Violated is a sensitive and vivid portrayal of the impact a rape has on a person, with a particular focus on a male being raped. When I read the description of this book, I felt immediately compelled to read it. On the one hand, rape is one of those topics that is usually banned as part of submission guidelines. Of course, that is rape depicted gratuitously (whatever that means). The subject matter itself is permissible, but still taboo.

I had no idea how Mr. Fessenden would handle this sensitive topic, and was impressed by the testimony he portrays through this story. The first chunk of the book established the main characters and their relationships to one another. I had wondered whether the author would’ve chosen to begin the story where the rape had already occurred. This was not the case. Once we meet the characters, we experience the rape, rather graphically, from the point of view of our protagonist victim, Derek. While highly disturbing and difficult to read, it was clear Mr. Fessenden had researched the experiences of men who had been raped. The honesty of the physical experience was described, but moving forward, the book focused on the emotional damage as the protagonist struggles to regain his shattered sense of self-control and power.

And that was what made this story a brave and important read. I don’t know of anyone who has admitted being raped to me, and therefore I have no first-hand knowledge of what the experience is like after the fact. In reading Violated, I feel like I have a better understanding of the multi-faceted and deeply rooted injuries (both physical and emotional) that impact the victim, making recovery an uphill battle.

The author also chose not to over-dramatize the events following the rape, in terms of dealing with filing charges, giving testimony, facing the possibility of plea bargains, and the continued threat of physical violence. Derek had a very real set of concerns for his own safety and how others would view him, and the author provides a believable portrayal of the inner thoughts and worries. But the most disturbing and beautifully portrayed element of Derek’s suffering is the betrayals he endured from people who were supposed to be there for him, no matter what. I can’t even imagine how a victim of rape can heal when even the people they are supposed to trust the most aren’t able to provide appropriate support.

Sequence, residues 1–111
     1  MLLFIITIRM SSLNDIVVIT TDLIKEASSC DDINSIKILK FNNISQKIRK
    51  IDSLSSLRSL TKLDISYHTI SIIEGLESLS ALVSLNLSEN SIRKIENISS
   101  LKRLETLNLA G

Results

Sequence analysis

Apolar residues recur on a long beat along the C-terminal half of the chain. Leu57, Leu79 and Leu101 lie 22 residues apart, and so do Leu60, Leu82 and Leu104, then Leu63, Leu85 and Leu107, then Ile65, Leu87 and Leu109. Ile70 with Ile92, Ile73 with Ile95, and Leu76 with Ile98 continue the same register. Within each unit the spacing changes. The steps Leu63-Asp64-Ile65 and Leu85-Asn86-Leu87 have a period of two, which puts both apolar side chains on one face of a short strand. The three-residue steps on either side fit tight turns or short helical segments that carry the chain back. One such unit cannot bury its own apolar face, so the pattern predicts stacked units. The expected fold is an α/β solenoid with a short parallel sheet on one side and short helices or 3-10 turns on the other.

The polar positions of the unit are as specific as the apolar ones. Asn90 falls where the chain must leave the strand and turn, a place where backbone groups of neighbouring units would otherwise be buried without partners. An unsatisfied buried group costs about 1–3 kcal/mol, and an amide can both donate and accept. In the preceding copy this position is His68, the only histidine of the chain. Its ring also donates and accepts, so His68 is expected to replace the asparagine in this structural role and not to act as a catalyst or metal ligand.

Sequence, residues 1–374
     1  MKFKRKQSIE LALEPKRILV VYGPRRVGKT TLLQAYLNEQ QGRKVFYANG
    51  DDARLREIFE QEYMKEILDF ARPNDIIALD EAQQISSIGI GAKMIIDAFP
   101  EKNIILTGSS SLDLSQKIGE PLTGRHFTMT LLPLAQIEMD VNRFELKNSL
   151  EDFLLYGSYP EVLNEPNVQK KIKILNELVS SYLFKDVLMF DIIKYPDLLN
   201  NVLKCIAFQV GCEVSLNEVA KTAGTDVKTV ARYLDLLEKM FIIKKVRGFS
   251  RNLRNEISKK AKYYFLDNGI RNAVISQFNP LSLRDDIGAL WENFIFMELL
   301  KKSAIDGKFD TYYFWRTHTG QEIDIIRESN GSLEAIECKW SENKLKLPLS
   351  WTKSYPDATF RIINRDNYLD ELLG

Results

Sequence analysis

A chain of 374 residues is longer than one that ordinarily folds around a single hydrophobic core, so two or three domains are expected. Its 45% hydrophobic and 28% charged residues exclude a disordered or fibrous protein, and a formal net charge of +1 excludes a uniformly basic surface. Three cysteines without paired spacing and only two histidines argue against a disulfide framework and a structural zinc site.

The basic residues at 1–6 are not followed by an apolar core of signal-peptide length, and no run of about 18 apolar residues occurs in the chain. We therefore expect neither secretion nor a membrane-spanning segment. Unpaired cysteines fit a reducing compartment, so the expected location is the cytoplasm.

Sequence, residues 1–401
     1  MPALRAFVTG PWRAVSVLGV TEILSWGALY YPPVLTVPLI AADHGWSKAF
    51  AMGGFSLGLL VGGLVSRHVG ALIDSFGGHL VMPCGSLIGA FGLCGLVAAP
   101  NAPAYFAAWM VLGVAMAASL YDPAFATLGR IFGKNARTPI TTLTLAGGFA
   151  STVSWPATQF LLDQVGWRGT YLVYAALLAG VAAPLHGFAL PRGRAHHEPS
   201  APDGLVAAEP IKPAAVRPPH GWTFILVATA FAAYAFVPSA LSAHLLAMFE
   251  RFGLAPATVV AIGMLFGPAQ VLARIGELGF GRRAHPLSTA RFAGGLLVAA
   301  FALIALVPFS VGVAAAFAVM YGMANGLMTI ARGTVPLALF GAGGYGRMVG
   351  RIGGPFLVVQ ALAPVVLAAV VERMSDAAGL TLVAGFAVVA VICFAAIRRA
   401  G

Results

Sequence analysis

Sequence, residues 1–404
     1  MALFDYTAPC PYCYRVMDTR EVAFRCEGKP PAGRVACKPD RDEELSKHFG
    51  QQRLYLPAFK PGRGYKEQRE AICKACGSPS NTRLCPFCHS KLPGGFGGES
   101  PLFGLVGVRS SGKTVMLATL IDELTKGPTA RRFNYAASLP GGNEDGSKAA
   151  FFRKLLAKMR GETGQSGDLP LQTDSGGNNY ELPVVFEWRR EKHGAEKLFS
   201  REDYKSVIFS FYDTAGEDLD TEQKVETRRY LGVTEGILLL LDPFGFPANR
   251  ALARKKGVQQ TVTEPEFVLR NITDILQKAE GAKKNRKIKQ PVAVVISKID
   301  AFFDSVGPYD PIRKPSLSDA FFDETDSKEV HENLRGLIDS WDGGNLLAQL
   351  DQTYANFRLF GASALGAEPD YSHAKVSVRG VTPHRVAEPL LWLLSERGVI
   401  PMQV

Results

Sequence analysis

The other protagonist, Russ, was an amazing man. I appreciated that there was a preface that explained that the author had spoken to officers to learn about procedure, and then took some liberties to suit the love interest in the story. While there was clearly a conflict of interest with Russ having any involvement in the activities surrounding the investigation into Derek’s rape, I was prepared for this when it happened.

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5 Stars, Brynn Stein, Dreamspinner Press, Literary Fiction, Reviewed by Taz

Review: What No One Else Can Hear by Brynn Stein

Title: What No One Else Can Hear

Author: Brynn Stein

Publisher: Dreamspinner Press

Pages/Word Count:  220 Pages

At a Glance: Though there’s no romantic plotline in this book, it is an excellent story and well worth your time to read.

Reviewed By: Taz

Blurb: Young Stevie Liston is diagnosed with autism, but is really an overwhelmed empath who mentally called out for help. Jesse McKinnon heard him in a dream from clear across the country, and that dream sent him on a six-year search to find Stevie. Once they meet, they think everything will work out and Jesse will help Stevie cope.

Stevie does improve immensely, but a disgruntled coworker of Jesse’s conspires with Stevie’s estranged but politically powerful father to keep Stevie and Jesse apart with trumped-up legal charges claiming Jesse sexually abused the boy. Jesse must watch helplessly as Stevie loses all the advances he’s made.

If it wasn’t for his growing relationship with his coworker Drew Ferguson, Jesse knows he wouldn’t have the strength to fight for his rights and Stevie’s future. Drew just might be the real thing, but with the very real possibility of serving jail time for a crime he didn’t commit, Jesse’s hopes for a future with Drew might be doomed.

Dividers

Review: What No One Else Can Hear is a heartwarming and sometimes disturbing story about a man and a boy who share a deep connection. Stevie is an autistic boy who lives in a trancelike state, not talking or interacting except through his drawings. Through an empathic connection, he draws Jerry to him at an institution for other children with autism. When Jerry arrives, Stevie awakens and begins to speak and interact with others. But, he can’t filter out the emotional noise of others around him. This is fine if the emotions are warm and fuzzy, but living in a place filled with children who often have emotional meltdowns, Stevie has a long way to go to learn how to manage the input he receives from everyone around him.